Fraser River Discovery Centre to showcase Indigenous heritage and culture
The Place of Learning is expected to be open to the public in three to five years
Culture / December 24, 2020
The Musqueam Indian Band and the Fraser River Discovery Centre Society have released a proposal to create a Learning Place where people can gain an “understanding of Indigenous heritage [and share] information about the teachings with all of those in the community of the traditional territory.”
The Learning Place is expected to be a permanent exhibit in the FRDCS, and the details about what will be showcased will be developed by the MIB, FRDCS, and other potential partners.
Mark Rizzo, Chair of the FRDCS, says the Society has worked with the MIB for many years and wants to educate and inform the public about the stories of the Fraser River.
“We’re starting out with Musqueam. We’re hoping to expand this to the entire length of the Fraser, in terms of what we want to do with the Place of Learning,” Rizzo says.
Discussions on what the Place of Learning will look like and reaching out to potential partners will start in the new year, Rizzo adds.
The Place of Learning “could take the form of an exhibit, but we want it to be more than that,” Rizzo says. “We want it to be a teaching opportunity and an opportunity for discussions.”
“We want there to be dialogue and what’s really important for us is that this is led by the Musqueam.”
Nolan Charles, Councillor of the MIB, says the Place of Learning is to start the dialogue so history can be told from a First Nations perspective.
“Any history books or any history of the Lower Mainland is written from a non-Native perspective,” Charles says. “We want to tell the story, but we want to be inclusive, under UNDRIP, and Truth and Reconciliation.”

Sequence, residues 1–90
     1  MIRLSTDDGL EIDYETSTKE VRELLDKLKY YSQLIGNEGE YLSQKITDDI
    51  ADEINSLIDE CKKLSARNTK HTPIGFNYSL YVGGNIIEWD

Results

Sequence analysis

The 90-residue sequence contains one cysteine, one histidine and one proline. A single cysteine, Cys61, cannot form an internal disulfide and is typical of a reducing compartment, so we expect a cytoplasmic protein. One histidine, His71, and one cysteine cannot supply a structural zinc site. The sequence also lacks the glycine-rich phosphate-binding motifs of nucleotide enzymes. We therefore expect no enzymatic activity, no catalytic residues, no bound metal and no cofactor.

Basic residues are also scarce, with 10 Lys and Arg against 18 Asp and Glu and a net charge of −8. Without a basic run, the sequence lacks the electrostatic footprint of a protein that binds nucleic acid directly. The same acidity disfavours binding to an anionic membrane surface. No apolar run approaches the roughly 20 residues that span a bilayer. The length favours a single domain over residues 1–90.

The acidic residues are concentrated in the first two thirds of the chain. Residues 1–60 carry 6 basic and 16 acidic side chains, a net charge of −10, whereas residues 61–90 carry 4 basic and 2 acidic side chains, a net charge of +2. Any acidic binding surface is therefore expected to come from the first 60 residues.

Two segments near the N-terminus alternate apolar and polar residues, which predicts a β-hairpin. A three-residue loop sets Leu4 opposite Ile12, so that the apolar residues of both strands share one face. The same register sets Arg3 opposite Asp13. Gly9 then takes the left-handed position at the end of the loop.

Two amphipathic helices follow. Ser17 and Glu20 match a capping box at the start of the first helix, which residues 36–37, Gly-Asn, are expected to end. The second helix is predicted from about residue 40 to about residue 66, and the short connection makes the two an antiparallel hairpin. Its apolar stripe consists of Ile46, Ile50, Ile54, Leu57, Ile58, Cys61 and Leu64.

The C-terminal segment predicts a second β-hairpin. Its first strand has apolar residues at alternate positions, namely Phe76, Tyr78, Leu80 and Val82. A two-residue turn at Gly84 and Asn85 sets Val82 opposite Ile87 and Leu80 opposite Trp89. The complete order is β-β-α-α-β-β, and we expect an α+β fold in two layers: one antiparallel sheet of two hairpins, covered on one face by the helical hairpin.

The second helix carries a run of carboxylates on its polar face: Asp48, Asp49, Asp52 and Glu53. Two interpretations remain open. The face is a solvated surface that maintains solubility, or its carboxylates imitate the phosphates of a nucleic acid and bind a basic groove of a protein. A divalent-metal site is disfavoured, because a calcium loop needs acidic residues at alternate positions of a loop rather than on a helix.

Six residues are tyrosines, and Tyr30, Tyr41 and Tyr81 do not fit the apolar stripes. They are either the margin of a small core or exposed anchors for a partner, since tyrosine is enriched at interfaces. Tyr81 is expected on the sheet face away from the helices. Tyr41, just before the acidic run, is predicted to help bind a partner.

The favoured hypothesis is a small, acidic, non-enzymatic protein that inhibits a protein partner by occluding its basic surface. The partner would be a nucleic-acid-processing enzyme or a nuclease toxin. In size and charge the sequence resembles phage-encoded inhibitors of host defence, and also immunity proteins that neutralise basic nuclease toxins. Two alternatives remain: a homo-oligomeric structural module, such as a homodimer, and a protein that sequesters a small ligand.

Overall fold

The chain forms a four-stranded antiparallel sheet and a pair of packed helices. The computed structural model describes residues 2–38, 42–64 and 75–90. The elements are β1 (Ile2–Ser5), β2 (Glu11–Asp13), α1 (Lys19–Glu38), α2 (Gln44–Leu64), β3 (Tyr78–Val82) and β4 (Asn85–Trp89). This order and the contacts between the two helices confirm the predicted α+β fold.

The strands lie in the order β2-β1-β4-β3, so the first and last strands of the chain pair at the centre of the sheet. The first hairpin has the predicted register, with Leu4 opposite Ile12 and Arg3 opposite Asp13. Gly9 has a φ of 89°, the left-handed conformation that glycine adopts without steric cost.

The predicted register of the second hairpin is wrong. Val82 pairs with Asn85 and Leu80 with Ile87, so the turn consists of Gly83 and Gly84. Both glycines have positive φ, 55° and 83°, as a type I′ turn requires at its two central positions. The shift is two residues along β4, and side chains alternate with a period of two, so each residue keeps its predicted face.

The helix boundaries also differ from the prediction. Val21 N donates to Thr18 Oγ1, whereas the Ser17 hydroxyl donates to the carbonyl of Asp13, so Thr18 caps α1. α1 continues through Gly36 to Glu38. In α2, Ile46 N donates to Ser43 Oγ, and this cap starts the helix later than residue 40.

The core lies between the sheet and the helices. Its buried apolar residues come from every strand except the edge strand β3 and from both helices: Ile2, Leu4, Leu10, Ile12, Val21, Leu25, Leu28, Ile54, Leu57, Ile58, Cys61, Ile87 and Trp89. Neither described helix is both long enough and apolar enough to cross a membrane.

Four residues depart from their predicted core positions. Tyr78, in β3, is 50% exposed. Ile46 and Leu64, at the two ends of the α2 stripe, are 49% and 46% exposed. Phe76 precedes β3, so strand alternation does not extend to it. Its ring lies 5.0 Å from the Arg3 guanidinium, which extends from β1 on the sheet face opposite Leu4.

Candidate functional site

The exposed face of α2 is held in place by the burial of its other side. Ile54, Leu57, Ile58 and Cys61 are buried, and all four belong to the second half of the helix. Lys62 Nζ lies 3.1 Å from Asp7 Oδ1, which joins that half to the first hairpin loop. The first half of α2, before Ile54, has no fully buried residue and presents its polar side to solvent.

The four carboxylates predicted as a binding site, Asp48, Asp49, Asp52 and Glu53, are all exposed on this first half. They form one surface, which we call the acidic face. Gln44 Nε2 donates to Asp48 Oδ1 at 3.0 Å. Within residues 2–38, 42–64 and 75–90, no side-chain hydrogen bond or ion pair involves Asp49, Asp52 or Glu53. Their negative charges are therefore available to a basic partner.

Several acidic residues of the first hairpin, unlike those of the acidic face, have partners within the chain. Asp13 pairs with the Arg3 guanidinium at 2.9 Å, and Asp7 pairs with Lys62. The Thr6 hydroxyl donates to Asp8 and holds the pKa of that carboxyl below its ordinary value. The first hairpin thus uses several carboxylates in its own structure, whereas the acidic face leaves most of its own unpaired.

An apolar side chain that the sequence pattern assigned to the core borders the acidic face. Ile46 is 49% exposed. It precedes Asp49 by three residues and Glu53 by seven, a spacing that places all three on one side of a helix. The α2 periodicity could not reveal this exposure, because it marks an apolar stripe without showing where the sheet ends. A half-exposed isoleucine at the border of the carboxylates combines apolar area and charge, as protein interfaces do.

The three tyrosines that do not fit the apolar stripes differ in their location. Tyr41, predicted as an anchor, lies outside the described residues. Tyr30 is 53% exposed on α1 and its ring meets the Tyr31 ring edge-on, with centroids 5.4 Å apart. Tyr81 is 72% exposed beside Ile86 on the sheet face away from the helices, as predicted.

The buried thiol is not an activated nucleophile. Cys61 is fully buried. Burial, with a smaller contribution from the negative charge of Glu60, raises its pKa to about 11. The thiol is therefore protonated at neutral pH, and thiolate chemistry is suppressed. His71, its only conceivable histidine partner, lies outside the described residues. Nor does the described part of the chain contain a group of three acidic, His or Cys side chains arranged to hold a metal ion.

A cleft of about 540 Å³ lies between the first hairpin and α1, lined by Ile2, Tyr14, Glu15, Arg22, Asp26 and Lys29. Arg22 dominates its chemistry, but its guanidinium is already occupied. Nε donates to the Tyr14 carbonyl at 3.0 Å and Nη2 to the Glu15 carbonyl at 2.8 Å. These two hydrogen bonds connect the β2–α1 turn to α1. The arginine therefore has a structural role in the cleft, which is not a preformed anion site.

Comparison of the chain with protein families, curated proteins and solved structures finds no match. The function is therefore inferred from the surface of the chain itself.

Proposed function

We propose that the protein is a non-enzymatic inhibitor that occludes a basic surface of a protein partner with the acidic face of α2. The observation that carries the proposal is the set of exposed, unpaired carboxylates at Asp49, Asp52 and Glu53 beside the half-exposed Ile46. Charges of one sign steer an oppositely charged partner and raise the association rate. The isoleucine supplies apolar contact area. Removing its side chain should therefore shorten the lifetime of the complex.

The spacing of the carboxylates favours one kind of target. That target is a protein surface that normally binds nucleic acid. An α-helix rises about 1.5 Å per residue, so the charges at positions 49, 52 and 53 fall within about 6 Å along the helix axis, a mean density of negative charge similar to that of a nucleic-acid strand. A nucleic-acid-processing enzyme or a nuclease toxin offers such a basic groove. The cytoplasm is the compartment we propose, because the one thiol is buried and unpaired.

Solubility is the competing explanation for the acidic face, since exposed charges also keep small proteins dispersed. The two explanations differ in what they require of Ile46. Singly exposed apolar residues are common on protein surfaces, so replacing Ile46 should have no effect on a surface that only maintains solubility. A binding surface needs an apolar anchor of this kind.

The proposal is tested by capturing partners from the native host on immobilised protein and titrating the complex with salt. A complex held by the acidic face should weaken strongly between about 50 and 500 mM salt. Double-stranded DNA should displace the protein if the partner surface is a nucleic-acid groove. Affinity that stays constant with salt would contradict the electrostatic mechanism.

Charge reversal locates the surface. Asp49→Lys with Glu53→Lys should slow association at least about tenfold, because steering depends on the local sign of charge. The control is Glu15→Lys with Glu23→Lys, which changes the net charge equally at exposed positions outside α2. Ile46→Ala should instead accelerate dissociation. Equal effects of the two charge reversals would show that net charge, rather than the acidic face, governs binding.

“It’s about the communities coming together,” he adds.
UNDRIP is the United Nations Declaration on the Rights of Indigenous Peoples, which seeks to protect Indigenous rights in countries worldwide.
Charles says the goal is to begin telling the story from an Indigenous person’s perspective and then bringing in partners who can make it a “quality facility.”
Stephen Bruyneel, Director of External Relations and Development for the FRDCS, says many people in British Columbia and across Canada don’t know what UNDRIP is or what truth and reconciliation is.
Investing in a place that teaches the history of the Indigenous Peoples is important, says Bruyneel.
Rizzo says Truth and Reconciliation and UNDRIP are important to the world and to Canada.
“[We need] to have each other understand the history that the First Nations have brought to this land,” Rizzo says. “They were here first.”
“It’s really important to continue on that path of reconciliation and that dialogue to understand what history has brought to where we’re at and where we can go from here,” Rizzo says.
When the Place of Learning opens, Rizzo wants the public to get a broad understanding of First Nations culture and heritage. He also wants people to hear the stories of the Indigenous Peoples along the Fraser River, and across the province.